This is D’Artagnan, who looks as dashing as his name. Send your favorite reading companion to me at email@example.com.
All links to books on these posts go to The Biblioracle Recommends bookshop at Bookshop.org. Affiliate income for purchases through the bookshop goes to Open Books in Chicago. A huge (relative) jump in affiliate income this past week to $36.00 for the year. Thanks very much!
My call for more recommendation requests brought a flood, but don’t let that discourage you. I’m going to try to do a couple of more than usual today and will do a midweek recommendations-only update, should time allow.
1. Winged Victory by V.M. Yeates
2. Tom Stoppard: A Life by Hermione Lee
3. Beavers by Rachel Poliquin
4. The Liar’s Dictionary: A Novel by Eley Williams
5. In the Dream House: A Memoir by Carmen Maria Machado
Nathan C. - Los Angeles, CA
The Liar’s Dictionary is a sneaky big seller. It hadn’t gotten on my radar at all, but now I’m seeing it everywhere. If you’ve read it, I’d be curious to hear about your experiences with it. I think Kate Atkinson’s Life After Life, with it’s combination of history and mind-bending storytelling is a good fit for Nathan.
1. The Shadow King by Maaza Mengiste
2. Interior Chinatown by Charles You
3. Shuggie Bain by Douglas Stuart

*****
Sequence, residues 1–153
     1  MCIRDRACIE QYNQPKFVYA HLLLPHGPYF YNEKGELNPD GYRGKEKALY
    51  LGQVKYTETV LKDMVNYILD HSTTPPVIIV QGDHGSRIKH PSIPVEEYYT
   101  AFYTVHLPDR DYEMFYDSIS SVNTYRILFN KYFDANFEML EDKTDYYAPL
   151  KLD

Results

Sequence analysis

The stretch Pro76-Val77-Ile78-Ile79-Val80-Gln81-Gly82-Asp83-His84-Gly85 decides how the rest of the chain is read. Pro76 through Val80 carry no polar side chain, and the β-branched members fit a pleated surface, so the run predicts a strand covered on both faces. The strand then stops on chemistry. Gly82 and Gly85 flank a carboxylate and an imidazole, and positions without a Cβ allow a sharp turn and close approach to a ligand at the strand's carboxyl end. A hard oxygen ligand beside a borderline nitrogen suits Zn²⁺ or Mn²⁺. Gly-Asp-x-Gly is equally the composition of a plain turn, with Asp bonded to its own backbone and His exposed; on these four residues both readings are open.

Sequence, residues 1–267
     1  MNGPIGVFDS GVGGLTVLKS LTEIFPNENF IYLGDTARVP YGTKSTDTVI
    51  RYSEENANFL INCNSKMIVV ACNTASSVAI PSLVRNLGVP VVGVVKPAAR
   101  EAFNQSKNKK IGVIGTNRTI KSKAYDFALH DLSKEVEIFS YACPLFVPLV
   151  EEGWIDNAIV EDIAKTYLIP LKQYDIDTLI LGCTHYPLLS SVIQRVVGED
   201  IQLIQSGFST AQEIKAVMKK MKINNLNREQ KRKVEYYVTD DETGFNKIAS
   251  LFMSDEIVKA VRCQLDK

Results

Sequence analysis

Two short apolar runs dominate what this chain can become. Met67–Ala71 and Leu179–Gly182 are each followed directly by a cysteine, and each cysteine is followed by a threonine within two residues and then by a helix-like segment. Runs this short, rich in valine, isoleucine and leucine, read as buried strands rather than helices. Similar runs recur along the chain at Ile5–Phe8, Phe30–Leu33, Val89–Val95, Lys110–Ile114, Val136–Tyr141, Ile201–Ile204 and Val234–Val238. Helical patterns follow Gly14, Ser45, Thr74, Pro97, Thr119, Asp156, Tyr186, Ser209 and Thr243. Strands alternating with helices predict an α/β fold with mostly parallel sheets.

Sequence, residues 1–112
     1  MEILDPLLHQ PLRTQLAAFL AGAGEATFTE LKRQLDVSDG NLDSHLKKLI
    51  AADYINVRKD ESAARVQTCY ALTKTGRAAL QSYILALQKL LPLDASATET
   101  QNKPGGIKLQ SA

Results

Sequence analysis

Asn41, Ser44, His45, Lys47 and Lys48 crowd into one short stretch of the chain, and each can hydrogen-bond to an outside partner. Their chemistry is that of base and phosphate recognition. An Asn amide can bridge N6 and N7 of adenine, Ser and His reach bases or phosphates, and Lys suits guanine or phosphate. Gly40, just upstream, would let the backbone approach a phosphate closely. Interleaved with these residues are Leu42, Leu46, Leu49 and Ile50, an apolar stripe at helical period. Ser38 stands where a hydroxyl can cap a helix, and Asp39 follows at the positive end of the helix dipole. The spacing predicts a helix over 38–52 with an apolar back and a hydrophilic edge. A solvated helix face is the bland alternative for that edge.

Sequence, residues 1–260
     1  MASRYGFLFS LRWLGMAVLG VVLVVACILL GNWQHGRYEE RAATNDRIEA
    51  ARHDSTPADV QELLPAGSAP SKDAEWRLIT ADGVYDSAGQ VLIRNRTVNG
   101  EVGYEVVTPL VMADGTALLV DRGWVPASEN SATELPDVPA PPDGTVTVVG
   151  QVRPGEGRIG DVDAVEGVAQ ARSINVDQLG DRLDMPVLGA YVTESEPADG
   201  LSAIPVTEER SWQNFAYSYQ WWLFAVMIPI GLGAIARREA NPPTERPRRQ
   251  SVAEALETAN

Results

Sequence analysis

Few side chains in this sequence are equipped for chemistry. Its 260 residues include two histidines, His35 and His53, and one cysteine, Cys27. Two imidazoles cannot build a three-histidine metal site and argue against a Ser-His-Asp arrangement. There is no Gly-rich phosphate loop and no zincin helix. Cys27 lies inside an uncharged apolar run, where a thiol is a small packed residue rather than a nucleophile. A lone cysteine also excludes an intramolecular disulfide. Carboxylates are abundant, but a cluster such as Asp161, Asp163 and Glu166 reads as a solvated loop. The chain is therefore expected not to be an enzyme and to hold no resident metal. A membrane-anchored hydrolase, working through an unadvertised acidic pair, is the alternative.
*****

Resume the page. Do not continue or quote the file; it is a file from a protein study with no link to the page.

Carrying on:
4. The Night Watchman by Louise Edrich
5. A Promised Land by Barack Obama
Maurice P. - Highland Park, IL
1. Monogamy by Sue Miller
2. The Most Fun We Ever Had by Claire Lombardo
3. Ask Again, Yes by Mary Beth Keane
4. Indian Horse by Richard Wagamese
5. When Harry Met Minnie by Martha Teichner
Cathy O - Minooka, IL
Writers & Lovers by Lily King, one of my favorite reads from last year, just when I was emerging from my early pandemic funk has the right mix of empathetic character portrayal and personal drama for Cathy.
1. A Higher Loyalty: Truth, Lies and Leadership by James Comey
2. The Third Rail by Michael Kelly
3. See Jane Win: The Inspiring Story of Women Changing Politics by Caitlin Moscatello
4. A Time for Mercy by John Grisham
5. Miss Benson's Beetle by Rachel Joyce
Mary Beth N. - Chicago, IL
I’m hoping that Mary Beth hasn’t yet started Louise Penny’s Inspector Gamache series because she has seventeen installments to look forward to if not. Still Life is the first volume.
1. The Belton Estate by Anthony Trollope
2. The Singing Sands by Josephine Tey
3. Troubled Blood by Robert Galbraith
4. The Book of Eels: Our Enduring Fascination with the Most Mysterious Creature in the Natural World by Patrik Svensson
5. Mr. Skeffington by Elizabeth von Arnim
Joanne S. - Harpswell, ME
Joanne reports that the book on eels was an impulse pull from the new releases at the local library, which is a wonderful testament to both libraries and publishers, that there is everything under the sun available, just in case you’re surprised by your own curiosities. Joanne is drawn to some classics, so I’m going in that vein and recommending Theodore Dreiser’s Sister Carrie.
Enjoy your day, your week, even your month, because ambition doesn’t hurt,